Also beware of terrain traps. For example, a ski tour or snowshoe trip in the bottom of a valley may seem reasonable, but steep slopes above could send avalanches to the valley floor. Deep gullies can also slough off snow.
Weak layer triggers slidesCommon slab avalanches happen when a heavy layer of snow forms on top of a weak one. If there is a trigger from a natural or human source, the weak layer cannot hold the snow load, and it releases downhill in an avalanche.
Weak layers are well documented by CAIC for each mountain range based on seasonal snow data and field reports.
During the clinic, participants dug a pit in the snow to analyze snowpack conditions and identify potential weak layers.
Tracing your hand along a cross section reveals dense layers and sugary layers. The surgary layer is the weak layer. If it is near the bottom of deep snowpack, there is a definite risk of an avalanche on a slope 30 degrees and higher, instructors said.
Winter backcountry users should think about the weather and how it affects snowpack strength, Strand said.
For example, weak layers form after sunshine creates a crust on recently fallen snow. When it snows again, that crust becomes the weak layer. Rain falling on snowpack also will create a weak layer when the next snowstorm hits.
Slope aspect also makes a difference in snowpack. For example, early season snowpack might melt away on sunny, south-facing slopes, but snow will remain on north-facing slopes. After a new snowfall, north-facing slopes will gain a weak, crusty layer, but south-facing slopes may not because the previous snow melted away.
The right gearHaving the right rescue gear and knowing how to use it is paramount to safety in the backcountry. Skiers, snowshoers and snowmobilers should carry an avalanche transmitter (beacon), probe and shovel. Battery checks on the transmitter should be performed before the outing.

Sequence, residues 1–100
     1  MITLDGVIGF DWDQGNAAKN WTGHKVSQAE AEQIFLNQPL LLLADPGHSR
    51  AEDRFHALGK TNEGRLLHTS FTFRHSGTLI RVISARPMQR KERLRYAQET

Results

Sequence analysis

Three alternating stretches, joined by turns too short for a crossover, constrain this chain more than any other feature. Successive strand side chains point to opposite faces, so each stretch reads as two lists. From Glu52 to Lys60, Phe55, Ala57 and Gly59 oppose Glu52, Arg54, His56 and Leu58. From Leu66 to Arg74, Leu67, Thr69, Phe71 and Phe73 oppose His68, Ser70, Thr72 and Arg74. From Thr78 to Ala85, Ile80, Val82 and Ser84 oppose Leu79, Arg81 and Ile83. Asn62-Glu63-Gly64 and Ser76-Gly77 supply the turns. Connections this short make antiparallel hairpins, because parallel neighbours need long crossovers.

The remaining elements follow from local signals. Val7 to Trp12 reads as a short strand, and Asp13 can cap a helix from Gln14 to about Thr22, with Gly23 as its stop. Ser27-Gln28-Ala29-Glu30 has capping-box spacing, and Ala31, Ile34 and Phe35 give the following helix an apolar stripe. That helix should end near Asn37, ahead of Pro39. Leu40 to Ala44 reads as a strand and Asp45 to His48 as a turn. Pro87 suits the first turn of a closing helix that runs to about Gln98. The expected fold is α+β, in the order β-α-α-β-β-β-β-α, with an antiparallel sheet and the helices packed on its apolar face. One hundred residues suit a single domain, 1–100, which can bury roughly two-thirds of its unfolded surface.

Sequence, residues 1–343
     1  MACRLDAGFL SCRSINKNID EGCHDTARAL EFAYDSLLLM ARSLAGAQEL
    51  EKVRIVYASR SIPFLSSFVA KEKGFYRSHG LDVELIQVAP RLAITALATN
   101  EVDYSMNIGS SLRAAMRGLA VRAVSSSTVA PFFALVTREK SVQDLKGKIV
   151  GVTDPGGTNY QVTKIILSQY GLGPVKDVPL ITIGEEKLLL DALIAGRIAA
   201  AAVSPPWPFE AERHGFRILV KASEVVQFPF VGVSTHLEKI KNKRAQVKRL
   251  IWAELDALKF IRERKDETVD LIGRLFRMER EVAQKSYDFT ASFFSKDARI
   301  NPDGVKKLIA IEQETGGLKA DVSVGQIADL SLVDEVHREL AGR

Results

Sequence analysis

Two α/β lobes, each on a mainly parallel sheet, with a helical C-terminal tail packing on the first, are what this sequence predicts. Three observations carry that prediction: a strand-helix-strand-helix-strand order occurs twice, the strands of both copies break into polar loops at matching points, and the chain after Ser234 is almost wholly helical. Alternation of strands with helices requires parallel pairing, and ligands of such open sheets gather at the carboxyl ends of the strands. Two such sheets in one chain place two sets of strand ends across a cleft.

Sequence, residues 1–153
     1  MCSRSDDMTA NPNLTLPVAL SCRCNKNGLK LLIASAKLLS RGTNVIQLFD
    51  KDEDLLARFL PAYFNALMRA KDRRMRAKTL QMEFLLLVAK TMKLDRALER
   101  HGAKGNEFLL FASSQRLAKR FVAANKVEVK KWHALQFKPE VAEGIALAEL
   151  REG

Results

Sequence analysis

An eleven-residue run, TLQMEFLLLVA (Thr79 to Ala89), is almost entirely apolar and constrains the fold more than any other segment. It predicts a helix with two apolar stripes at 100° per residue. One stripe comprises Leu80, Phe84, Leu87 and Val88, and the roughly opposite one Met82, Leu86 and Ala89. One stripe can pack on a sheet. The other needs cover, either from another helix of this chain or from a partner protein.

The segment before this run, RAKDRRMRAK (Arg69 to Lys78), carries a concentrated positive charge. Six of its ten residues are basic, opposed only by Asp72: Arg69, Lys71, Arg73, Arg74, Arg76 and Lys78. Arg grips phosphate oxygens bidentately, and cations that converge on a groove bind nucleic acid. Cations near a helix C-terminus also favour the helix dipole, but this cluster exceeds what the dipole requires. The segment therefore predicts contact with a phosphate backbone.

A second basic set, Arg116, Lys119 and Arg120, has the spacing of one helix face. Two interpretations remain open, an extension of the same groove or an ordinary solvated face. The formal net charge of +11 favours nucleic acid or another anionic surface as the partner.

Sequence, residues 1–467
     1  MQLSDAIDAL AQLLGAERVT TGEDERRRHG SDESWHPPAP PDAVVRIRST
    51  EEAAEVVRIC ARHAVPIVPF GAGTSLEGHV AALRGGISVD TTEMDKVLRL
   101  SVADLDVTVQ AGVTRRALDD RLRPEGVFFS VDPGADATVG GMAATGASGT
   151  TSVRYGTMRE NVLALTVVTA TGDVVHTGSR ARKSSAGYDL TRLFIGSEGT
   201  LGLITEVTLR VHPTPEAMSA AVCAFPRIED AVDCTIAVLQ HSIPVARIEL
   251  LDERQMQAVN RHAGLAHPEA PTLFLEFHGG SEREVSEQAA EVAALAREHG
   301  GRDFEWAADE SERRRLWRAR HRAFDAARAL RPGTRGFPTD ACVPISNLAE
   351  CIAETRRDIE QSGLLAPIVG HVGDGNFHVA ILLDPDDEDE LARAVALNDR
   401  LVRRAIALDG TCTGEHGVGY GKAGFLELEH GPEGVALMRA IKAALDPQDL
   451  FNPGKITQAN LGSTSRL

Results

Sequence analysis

The beacons have two settings, transmitting and receive. During backcountry travel, everyone is transmitting. If someone is buried in an avalanche, everyone switches to receive and follows the arrows to the victim’s transmitting beacon. Probe poles help locate the victim so that he or she can be shoveled out.
“Backcountry users should also know basic CPR,” Strand said. Once buried, there is a window of about 15-20 minutes for the victim to be reached, dug out and hopefully saved.
Safe travelDon’t go solo. During conditions when avalanches are less likely, carefully choosing a route up a slope is important.
Avoid climbing up the avalanche path directly. Use ridges or the trees. Do not linger in the avalanche run-out zone. When skiing down, go one at a time, and watch out for each other.
If there is a heightened risk for avalanches, or you are not comfortable skiing a slope, your backcountry adventure does not have to be canceled, Strand said.
“Just adjust your tour to areas of low-angle, wide-open terrain,” he said, such as meadows on Lizard Head Pass across the highway from the Cross Mountain trailhead.
Colorado is most dangerousAvalanche fatalities occur in Colorado more than anywhere else in the U.S., according to an article by The Summit Daily and reprinted in the Colorado Sun. It cites statistics from the CAIC annual report for the 2018-19 season.
The newspaper reports that since the 1950-51 season there have been 287 avalanche fatalities in Colorado. The second highest was Alaska with 158 fatalities. Utah has had 120 fatalities since that time.
Last winter’s snowfall was above average statewide, leading to 4,273 recorded slides, The Summit Daily reports. Across the state, 135 people got caught in avalanches and eight people were killed.